With any profession, it is important to review the concepts of creativity as it applies to the profession. With interface design, one must carefully apply creativity in a strategic way. “Thinking outside the box” should be something that is largely left out of the main process of design. Why, do you ask? I’ll give you three main reasons.
Interface Design has a Specific Goal
“Creativity” Can Come in the Way of Usability
People Don’t Want to Learn
Interface designers, and all true designers for that matter, understand this simple principle: the objective is the most important part of your design planning. In other words, as you design, everything you do should keep the purpose of the designed interface in mind. If it is not helping the purpose of the interface to be fulfilled, why include it? While art is very often used in interface design, and while many consider the practice of interface design to be an art on its own, it is beyond art. Art can be expressive without being functional; design must be functional. Make every aspect of the interface a product of the purpose instead of a product of expression. This doesn’t mean to not be creative when designing your interface. But in the realm of creativity, you must use creativity in advantage to the purpose of the design. So, if you didn’t get it by now… don’t substitute artistic expression for purposeful design.
This goes very well along with the first reason. Because of the popularity of modern and abstract elements of art, it is very easy to allow creative expression to interfere with the functionality and ease of use of the design. Simply “thinking outside the box” for the sake of it can quickly create problems. This is often because your first instinct when designing is probably the most functional. This is not to say that you can’t find new ways of achieving old goals; however, always keep in mind the principles of good design. Clarity is far more important than your “cool factor.” It is much better to have a working ugly interface than a beautiful broken interface.
As harsh as it sounds, the average user doesn’t want to have to spend time learning how to use your interface. They would much rather see it and know exactly what to do with it without exploring it. The shortest distance between two points is a straight line. People live by this principle daily; take the easiest route, avoid anything that will cause your route to be longer. The only exception to this rule is when there is some other kind of trade-off. You learn in basic economics that people act rationally, and that it is a rational decision to weigh cost versus return. In the case of an interface, the use of the interface is costing time and returns whatever the function of the interface is. The only way to add something that is beyond simple functionality and expect people to continue using the interface is if it introduces a new or better return. For instance, if a person uses an interface and receives both the functionality of the interface and entertainment, they may be willing to stay longer than the straight line.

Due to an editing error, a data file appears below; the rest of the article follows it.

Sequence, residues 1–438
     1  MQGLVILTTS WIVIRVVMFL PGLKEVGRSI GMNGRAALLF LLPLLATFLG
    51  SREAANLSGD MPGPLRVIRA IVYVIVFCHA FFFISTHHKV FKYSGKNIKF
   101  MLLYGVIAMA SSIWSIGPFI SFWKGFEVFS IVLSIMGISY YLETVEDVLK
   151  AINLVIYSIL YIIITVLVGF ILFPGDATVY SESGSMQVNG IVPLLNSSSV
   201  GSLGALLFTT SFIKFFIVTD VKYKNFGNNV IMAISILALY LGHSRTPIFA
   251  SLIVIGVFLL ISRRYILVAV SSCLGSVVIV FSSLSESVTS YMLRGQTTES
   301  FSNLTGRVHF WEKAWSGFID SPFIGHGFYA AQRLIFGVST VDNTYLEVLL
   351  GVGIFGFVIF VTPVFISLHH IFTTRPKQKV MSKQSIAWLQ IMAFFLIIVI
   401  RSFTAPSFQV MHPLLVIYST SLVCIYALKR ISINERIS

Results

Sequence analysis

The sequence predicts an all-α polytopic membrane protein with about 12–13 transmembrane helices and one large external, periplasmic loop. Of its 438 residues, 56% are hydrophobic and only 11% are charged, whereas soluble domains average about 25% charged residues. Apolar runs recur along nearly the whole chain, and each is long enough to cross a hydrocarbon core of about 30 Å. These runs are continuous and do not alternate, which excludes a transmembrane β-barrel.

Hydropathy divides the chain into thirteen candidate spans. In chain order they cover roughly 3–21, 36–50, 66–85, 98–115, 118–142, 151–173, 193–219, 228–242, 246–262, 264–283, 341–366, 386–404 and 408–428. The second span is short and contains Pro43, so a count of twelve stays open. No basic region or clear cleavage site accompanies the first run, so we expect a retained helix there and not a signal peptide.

A note about “rules”
There are very few rules that exist within any creatively driven field. It is very possible that you may build an abstract or modern interface that is imbued with artistic expression that functions very well, or even better than an otherwise simple interface. It is most likely, however, that the most effective interfaces are those that are similar to what a user is used to interacting with. This is why it should be common practice to resort to what has worked before. This definitely is not an article suggesting that you remove the creative process from interface design, rather I am trying to make the point that creativity is NOT the most important part of an interface – functionality is.
We as creative professionals know that creativity is extremely important, as is originality. Be careful, however, to keep your objective in mind at all times when designing. This will allow for direction to your creativity, and push your creative juices to work in favor of the functionality rather than independent of them.